The crusades were never referred to as such by their
participants. The original crusaders were known by various terms, including
fideles Sancti Petri (the faithful of St. Peter) or milites Christi (knights of Christ). They saw themselves as undertaking a peregrinatio, a pilgrimage,
though pilgrims were usually forbidden from carrying arms. Like pilgrims,
each crusader swore an vow (a votus), to be fulfilled on successfully
reaching Jerusalem, and they were granted a cloth cross (crux) to be sewn
into their clothes. This "taking of the cross", the crux, eventually
became associated with the entire journey; the word "crusade"
(coming into English from the French croisade, the Italian crociata, or
the Portuguese cruzado) developed from this. Since the 17th century the
term "crusade" has carried a connotation in the west of being
a "righteous campaign," usually to "root out evil,"
or to fight for a just cause. In the Arab world, the equivalent term is
jihad, while "crusade" is a term which connotes a hostile and
foreign invasion by "infidels," those disrespectful or defiling
of the Muslim culture.
The major crusades
A traditional numbering scheme for the crusades gives us nine during the
11th to 13th centuries, as well as three others that are mostly contemporaneous
and unnumbered. This is somewhat misleading, as there were frequent "minor"
crusades throughout this period, not only in Palestine but also in Spain
and central Europe, against not only Muslims, but also Christian heretics
and personal enemies of the Papacy or other powerful monarchs. Such "crusades"
continued into the 16th century, until the Renaissance and Reformation
when the political and religious climate of Europe was significantly different
than that of the Middle Ages. The following is a listing of the "major"
Full article: First Crusade
After Byzantine emperor Alexius I called for help with defending his empire
against the Seljuk Turks, in 1095 Pope Urban II called upon all Christians
to join a war against the Turks, a war which would count as full penance.
Crusader armies marched up towards Jerusalem, sacking several cities on
their way. In 1099, they took Jerusalem, massacring the Jewish and Muslim
population. As a result of the First Crusade, several small Crusader states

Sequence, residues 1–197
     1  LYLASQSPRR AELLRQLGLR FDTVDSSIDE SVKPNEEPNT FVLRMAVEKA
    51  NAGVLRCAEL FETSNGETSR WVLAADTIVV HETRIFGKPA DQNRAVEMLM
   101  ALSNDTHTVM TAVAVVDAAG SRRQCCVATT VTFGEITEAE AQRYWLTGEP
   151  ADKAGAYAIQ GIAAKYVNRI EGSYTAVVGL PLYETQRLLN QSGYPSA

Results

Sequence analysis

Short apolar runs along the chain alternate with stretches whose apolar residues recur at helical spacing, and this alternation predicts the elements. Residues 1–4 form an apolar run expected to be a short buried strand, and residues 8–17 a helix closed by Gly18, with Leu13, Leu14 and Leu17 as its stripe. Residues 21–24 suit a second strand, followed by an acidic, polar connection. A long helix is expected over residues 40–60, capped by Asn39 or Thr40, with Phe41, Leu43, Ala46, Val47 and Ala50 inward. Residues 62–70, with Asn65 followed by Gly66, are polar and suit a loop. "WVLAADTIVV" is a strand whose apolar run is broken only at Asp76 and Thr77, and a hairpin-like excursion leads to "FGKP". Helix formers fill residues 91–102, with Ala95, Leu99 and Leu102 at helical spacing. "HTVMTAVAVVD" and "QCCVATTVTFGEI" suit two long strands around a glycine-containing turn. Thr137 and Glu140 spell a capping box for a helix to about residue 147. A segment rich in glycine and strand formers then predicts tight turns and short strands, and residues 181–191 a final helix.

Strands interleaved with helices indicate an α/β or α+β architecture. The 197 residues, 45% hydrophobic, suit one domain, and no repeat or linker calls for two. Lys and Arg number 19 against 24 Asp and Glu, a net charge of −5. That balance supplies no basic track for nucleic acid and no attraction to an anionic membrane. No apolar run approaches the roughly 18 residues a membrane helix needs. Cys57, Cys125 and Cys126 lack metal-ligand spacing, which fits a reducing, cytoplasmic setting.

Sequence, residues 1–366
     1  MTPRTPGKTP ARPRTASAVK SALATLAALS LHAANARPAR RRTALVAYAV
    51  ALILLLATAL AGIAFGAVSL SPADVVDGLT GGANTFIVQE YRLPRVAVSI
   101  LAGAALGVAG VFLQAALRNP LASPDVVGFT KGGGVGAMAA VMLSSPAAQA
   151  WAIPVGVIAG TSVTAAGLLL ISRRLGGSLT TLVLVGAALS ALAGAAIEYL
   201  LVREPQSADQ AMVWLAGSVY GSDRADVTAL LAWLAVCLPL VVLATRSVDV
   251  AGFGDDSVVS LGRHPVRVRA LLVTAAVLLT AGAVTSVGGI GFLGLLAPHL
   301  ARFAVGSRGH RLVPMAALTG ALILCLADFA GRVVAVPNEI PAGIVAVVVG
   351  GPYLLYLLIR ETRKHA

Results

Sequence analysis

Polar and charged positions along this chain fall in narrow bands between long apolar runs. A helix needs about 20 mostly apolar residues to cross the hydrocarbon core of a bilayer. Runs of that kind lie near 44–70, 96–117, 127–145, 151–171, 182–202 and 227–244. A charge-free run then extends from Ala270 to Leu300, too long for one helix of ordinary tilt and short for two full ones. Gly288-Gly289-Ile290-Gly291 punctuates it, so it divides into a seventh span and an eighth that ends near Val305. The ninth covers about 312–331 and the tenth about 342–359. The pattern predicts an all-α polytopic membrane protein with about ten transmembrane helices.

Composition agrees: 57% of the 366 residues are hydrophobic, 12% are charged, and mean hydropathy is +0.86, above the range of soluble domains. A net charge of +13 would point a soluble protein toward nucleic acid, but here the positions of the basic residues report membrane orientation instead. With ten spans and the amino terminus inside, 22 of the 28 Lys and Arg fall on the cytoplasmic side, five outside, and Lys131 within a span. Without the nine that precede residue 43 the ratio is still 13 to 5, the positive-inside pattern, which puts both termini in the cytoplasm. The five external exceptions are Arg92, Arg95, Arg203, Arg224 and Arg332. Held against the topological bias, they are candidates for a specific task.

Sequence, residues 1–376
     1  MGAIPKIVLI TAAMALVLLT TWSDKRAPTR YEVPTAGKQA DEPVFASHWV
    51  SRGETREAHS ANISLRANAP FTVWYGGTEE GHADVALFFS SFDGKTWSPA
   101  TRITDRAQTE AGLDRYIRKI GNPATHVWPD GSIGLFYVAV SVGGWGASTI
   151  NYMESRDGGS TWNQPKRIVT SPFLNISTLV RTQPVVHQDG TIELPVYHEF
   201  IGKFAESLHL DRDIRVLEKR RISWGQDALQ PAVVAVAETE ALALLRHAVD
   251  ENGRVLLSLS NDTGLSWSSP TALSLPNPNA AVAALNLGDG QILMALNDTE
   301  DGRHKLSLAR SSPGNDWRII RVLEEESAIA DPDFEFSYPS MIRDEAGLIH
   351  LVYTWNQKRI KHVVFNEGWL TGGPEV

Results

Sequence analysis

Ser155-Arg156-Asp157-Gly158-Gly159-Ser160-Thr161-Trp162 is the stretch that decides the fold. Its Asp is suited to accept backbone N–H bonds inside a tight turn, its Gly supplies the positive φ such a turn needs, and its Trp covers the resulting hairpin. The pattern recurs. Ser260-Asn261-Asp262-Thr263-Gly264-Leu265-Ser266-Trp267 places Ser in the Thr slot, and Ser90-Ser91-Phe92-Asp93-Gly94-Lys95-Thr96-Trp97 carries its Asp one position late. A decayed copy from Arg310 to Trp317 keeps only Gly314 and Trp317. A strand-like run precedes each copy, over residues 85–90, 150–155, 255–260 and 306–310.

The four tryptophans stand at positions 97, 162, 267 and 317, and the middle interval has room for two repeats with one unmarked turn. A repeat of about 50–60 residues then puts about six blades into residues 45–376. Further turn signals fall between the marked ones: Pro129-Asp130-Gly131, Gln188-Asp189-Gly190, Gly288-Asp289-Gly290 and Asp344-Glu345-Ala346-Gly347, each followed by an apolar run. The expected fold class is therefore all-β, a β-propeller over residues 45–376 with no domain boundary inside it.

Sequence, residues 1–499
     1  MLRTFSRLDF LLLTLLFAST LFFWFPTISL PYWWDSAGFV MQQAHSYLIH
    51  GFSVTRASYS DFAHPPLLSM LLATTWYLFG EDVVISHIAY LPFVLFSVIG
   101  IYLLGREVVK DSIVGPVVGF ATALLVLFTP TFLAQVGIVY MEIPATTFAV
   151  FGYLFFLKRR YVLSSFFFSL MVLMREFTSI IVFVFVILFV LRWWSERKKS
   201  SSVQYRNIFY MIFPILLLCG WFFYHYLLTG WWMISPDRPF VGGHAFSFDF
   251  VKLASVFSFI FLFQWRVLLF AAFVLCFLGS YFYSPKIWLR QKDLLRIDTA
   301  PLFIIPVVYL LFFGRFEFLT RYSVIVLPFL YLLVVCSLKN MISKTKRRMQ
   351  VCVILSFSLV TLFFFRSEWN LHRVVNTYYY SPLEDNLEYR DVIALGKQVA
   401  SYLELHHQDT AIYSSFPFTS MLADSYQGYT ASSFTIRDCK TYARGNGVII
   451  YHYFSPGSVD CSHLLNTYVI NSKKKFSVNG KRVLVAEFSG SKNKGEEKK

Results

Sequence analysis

were created, notably the Kingdom of Jerusalem.
Full article: Second Crusade
After a period of relative peace, in which Christians and Muslims co-existed
in the Holy Land, Bernard of Clairvaux called for a new crusade when the
town of Edessa was conquered by the Turks. French and German armies marched
to Asia Minor in 1147, but failed to accomplish any major successes, and
indeed endangered the survival of the Crusader states with a foolish attack
on Damascus. In 1149, both leaders had returned to their countries without
Full article: Third Crusade
In 1187, Saladin recaptured Jerusalem. Pope Gregory VIII preached a crusade,
which was led by several of Europe's most important leaders: Richard I
of England, Philip II of France and Frederick I, Holy Roman Emperor. Frederick
drowned in Cilicia in 1190, leaving an unstable alliance between the English
and the French. Philip left in 1191 after the Crusaders had recaptured
Acre from the Muslims, while Richard left the following year after establishing
a truce with Saladin.
Full article: Fourth Crusade
The Fourth Crusade was initiated by Pope Innocent III in 1202, with the
intention of invading the Holy Land through Egypt. The Venetians gained
control of this crusade and diverted it to Constantinople where they attempted
to place a Byzantine exile on the throne. After a series of misunderstandings
and outbreaks of violence the city was sacked in 1204. The popular spirit
of the movement was now dead, and the succeeding crusades are to be explained
rather as arising from the Papacy's struggle to divert the military energies
of the European nations toward Syria.
The Middle Ages
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